Particle Mesh Powers The Internet Of Fans
With the winter months not far off, [Ben Brooks] was looking for a way to help circulate the heat from his wood-burning fireplace throughout his home. Rather than go with a commercial solution, he decided to come up with his own automated air circulation system powered by the mesh networking capabilities of one of his favorite pieces of tech, the Particle Photon.
Particle Xeon remote sensorThe idea here is pretty simple: use a remote temperature sensor to tell a fan located behind the fireplace when it’s time to kick on and start sharing some of that warmth with the rest of the house. But as usual, it ended up being a bit trickier than anticipated. For one, when [Ben] took a close look at the Vornado 660 fan he planned on using, he realized that its speed controller was “smart” enough that simply putting a relay on the AC line wouldn’t allow him to turn it on and off.
So he had to do some reverse engineering to figure out how the Sonix SN8P2501B microcontroller on the board was controlling the fan, and then wire the Photon directly to the pins on the chip that corresponded with the various physical controls. This allows the Photon to not only “push” the buttons to trigger the different speeds, but also read the controls to see if a human is trying to override the current setting.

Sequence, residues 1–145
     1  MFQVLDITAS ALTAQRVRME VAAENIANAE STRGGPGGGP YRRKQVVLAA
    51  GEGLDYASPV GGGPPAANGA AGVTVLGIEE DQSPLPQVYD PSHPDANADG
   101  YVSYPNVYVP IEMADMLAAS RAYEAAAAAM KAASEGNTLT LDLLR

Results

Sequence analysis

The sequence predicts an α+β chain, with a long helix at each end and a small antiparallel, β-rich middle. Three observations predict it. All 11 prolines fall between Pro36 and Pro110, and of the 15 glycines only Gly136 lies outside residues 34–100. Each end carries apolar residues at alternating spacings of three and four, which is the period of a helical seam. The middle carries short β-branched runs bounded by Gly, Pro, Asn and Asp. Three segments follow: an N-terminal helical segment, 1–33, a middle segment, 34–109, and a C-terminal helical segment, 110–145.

For the remote side [Ben] is using a Particle Xeon, which is specifically designed for Internet of Things endpoints and sensor applications. Combined with a TMP36 temperature sensor and 3.7 V 500 mAh battery, this allowed him to easily put together a wireless remote thermometer that will publish the current temperature to the Photon’s mesh network at regular intervals.
This isn’t the first time we’ve seen the Particle Photon used to augment an unassuming piece of hardware. We’ve previously seen one get grafted into a coffee maker, and if you can believe it, somebody even stuck one inside an umbrella to create a mobile weather station.